Itzehoe (Schleswig-Holstein) – Now the police are looking for her!
The accused ex-secretary Irmgard Furchner (96) has to answer for aiding and abetting murder in more than eleven thousand cases since Thursday before the Itzehoe district court. But the former typist did not appear at the start of the process. It is fleeting, so that an arrest warrant has now been issued against the pensioner – bang at the start of the trial!
In her function as a typist and typist in the camp headquarters of the former Stutthof concentration camp (near Danzig) between June 1943 and April 1945, she is charged with helping those responsible at the camp with the systematic killing of those imprisoned there.
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According to BILD information, Furchner, who lives in a nursing home in Quickborn in Schleswig-Holstein (near Hamburg), made her way to the Norderstedt subway station (north of Hamburg) by taxi early on Thursday morning. After that, their track is lost. Apparently the seniors had no intention of attending the trial.
The district court had issued an arrest warrant, said the presiding judge Dominik Groß on Thursday morning. It remains to be seen whether one can get hold of them. The planned main hearing could then only begin after the arrest warrant has been issued and your ability to stand trial has been checked.
Meanwhile, the International Auschwitz Committee has expressed outrage over the escape of the defendants in the Nazi trial from Itzehoe near Hamburg. “This shows an incredible contempt for the rule of law and also for the survivors,” said Vice-Executive President Christoph Heubner on Thursday. The committee represents concentration camp survivors and their relatives.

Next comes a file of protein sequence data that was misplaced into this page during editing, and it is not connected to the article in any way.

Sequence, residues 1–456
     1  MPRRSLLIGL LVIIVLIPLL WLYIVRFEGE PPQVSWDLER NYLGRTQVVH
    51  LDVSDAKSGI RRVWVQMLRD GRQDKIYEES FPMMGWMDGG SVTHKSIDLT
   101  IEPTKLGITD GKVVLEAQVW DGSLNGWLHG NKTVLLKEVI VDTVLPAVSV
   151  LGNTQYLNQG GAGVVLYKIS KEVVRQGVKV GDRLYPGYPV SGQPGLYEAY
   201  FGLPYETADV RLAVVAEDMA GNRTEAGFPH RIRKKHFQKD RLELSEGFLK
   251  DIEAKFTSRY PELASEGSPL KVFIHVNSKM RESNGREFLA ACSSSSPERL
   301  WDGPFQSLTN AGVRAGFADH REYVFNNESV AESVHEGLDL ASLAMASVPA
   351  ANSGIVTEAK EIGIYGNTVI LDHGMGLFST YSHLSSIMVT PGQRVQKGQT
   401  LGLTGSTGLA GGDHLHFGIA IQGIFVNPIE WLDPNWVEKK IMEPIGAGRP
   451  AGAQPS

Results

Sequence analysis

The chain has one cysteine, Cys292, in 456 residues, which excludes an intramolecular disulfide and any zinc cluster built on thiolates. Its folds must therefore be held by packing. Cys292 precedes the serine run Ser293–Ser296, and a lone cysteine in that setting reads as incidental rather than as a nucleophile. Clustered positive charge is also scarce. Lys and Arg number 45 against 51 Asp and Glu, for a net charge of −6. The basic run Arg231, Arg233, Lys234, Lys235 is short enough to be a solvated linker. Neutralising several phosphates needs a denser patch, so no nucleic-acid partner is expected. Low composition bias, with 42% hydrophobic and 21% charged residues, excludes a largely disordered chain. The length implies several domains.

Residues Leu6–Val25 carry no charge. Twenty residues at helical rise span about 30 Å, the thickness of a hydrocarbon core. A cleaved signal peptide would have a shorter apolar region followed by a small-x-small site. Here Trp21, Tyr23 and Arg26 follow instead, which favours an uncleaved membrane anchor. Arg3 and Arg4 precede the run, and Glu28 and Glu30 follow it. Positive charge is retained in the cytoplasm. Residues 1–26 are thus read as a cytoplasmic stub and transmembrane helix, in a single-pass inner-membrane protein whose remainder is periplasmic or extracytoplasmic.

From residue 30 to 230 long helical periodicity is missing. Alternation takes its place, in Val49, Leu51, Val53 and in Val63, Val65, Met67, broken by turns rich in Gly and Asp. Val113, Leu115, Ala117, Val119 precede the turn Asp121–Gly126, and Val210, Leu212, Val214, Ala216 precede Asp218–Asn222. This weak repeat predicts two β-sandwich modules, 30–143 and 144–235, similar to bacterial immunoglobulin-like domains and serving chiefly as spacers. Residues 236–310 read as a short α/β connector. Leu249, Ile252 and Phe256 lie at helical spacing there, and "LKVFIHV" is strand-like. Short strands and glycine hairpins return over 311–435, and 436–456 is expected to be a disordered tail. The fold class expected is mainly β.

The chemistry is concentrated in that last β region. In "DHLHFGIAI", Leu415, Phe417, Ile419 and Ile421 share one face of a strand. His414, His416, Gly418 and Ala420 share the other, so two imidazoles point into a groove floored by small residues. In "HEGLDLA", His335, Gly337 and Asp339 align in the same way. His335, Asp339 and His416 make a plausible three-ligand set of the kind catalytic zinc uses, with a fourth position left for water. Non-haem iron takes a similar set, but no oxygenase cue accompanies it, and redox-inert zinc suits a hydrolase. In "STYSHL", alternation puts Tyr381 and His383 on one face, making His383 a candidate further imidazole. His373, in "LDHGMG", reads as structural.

Lawyer Onur Özata, who represents two co-plaintiffs and Stutthof survivors in the proceedings, comments on BILD: “The accused is fooling the judiciary with her behavior. Apparently she does not feel bound by the local law. The law enforcement authorities must now do everything possible to get hold of the concentration camp secretary. Anything else would be unbearable for the survivors. “
Efraim Zuroff (73) from “Wiesenthal Center” underlined the importance of the process. The historian told BILD: “The trial of Irmgard Furchner is an important reminder that the crimes of the Nazis were not only committed by men but also by women who served in concentration camps and even in the Einsatzgruppen.”
▶ Furchner testified twice as a witness, in 1954 and 1962, about her role in Stutthof. In 1954 she testified that all correspondence with the SS Economic Administration Main Office ran over her desk.
Commander Hoppe had dictated letters to her every day and ordered radio messages. She said at the time that she knew nothing about the killing machinery that killed tens of thousands of people in the immediate vicinity while she was on duty.
▶ The proceedings are being negotiated in front of the youth chamber because the Furchner was 18 or 19 years old at the time of the offense and was therefore an adolescent within the meaning of the Youth Courts Act.